As families move through the back-to-school transition, so many aspects can cause stress and anxiety for both parents and children alike. Parents worry about who their child’s teacher will be, class sizes, where their child will fit in the academic hierarchy of their grade. Children will worry about change—pure and simple—leaving their parents yet again, for a new teacher, a new group of classmates, new material and just…trying to fit in…in general. Most of these things are things that we cannot control. Let’s focus for a minute on what we CAN control…
As a graduate student counsellor and a mother, I hear it time and time again, the overwhelm, the “I thought I was prepared…”, and frankly, the extreme and utter chaos that can ensue in the early days of back-to-school. It happens. Stuff happens, and you are not alone!
The difference between school being out for the summer and school returning to session is the loosening and re-tightening of routine. While it is easier to loosen the reins for summer fun, research suggests that children need (and respond best) to structure and routine. This is important in many aspects of development: from behavior and emotional regulation, to sleep, nutrition, and so much more.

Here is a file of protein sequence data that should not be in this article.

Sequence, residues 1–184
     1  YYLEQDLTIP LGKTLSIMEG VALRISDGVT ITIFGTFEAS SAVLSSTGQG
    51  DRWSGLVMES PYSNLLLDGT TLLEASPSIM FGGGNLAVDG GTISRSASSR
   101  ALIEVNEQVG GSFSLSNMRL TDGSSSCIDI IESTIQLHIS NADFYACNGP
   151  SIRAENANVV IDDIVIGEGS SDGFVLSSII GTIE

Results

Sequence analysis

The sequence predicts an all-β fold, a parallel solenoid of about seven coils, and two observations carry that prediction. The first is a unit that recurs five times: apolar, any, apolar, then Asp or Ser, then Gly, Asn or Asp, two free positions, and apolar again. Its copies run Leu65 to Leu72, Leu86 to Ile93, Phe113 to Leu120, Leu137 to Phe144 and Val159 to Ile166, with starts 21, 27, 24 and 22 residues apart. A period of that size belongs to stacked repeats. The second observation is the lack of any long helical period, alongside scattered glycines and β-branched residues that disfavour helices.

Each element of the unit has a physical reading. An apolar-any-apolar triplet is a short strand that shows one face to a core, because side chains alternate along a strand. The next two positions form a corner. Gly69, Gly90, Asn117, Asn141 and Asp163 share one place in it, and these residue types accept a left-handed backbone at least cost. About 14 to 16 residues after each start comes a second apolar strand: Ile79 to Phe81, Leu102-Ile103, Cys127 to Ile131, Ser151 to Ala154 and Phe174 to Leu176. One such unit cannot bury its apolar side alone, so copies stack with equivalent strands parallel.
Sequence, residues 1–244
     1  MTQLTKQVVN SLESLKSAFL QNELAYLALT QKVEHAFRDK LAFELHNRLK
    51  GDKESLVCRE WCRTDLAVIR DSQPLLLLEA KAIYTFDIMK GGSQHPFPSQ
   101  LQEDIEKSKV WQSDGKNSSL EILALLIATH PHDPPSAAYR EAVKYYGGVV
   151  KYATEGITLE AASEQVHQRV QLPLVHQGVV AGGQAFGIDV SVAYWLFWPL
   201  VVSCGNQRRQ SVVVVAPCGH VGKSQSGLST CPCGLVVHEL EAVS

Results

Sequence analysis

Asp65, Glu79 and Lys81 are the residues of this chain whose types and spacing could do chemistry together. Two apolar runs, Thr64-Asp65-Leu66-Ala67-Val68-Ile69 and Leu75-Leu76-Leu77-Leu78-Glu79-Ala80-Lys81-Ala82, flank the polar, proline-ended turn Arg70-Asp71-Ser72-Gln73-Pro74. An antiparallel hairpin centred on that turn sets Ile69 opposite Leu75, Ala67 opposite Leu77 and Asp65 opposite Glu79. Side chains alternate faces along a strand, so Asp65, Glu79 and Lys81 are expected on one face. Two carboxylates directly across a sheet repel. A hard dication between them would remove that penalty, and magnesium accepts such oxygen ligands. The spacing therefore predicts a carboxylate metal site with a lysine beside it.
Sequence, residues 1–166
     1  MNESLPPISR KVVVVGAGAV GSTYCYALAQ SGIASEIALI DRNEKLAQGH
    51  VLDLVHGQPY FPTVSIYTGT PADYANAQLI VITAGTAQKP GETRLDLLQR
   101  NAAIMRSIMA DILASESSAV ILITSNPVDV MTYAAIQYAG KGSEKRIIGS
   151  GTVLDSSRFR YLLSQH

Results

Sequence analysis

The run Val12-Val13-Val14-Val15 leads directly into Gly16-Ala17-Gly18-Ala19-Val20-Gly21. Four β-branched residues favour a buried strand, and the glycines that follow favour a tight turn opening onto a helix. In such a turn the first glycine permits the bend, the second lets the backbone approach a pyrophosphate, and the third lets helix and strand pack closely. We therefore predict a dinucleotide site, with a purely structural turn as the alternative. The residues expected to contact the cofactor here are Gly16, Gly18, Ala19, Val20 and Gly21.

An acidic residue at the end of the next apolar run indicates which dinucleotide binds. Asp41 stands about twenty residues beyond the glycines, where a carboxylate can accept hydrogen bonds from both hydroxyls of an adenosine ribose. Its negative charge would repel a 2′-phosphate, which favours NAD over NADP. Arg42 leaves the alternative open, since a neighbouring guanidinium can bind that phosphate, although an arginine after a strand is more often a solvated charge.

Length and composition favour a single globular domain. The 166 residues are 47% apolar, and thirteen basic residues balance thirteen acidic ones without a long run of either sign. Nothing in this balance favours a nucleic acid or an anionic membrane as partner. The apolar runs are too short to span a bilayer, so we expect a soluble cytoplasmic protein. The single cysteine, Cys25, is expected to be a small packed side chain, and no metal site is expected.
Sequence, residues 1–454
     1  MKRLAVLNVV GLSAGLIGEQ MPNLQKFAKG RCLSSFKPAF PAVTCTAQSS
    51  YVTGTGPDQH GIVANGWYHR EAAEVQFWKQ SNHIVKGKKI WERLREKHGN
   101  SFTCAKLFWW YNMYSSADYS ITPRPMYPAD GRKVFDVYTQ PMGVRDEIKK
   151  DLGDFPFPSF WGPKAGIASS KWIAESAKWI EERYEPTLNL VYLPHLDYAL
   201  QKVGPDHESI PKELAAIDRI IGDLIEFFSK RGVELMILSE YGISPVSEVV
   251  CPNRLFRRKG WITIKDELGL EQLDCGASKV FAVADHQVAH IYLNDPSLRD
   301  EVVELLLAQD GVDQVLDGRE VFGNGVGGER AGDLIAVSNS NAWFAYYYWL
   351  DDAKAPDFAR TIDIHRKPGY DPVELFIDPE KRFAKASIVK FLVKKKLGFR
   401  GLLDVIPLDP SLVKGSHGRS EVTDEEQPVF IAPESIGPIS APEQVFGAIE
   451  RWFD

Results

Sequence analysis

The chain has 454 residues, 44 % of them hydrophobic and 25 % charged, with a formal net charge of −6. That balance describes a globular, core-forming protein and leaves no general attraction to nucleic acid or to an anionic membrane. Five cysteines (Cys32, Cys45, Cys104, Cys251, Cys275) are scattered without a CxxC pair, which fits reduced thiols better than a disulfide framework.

According to research “naturally occurring family routines/[parent–child interactions] provide both a predictable structure that guides behaviour and an emotional [regulation] that supports early development” (Chen, 2017; Spagnola & Fiese, 2007).
Further, when preparing to go back to school “a consistent bedtime routine was [found to have] better sleep outcomes, including earlier bedtimes, shorter sleep onset latency, reduced night wakings, and increased sleep duration. Decreased parent-perceived sleep problems and daytime behaviour problems were also related to institution of a regular bedtime routine” (Buxton et al., 2015; Mindell, et al., 2015, p. 717). In order to re-establish regular sleep patterns, it is advisable to start a full-week to two-weeks before school is back in session (depending on the child.) In fact, some parents maintain their children’s sleep schedule right through summer break. It is important to recognize that each child and family dynamic is different and that there is no be-all, end-all “rules” for what is best for your family.
That said, if you are simply “surviving” the first few weeks of school being back in session and you are still experiencing feeling of overwhelm, your household is in constant chaos, and your are flailing to keep your head above water, help and support are readily available. Okanagan Clinical Counselling Services deals with a wide array of clientele and we can help you handpick the appropriate professional to help you tackle your concerns.
This post was written by OCCS’s Student Counsellor:
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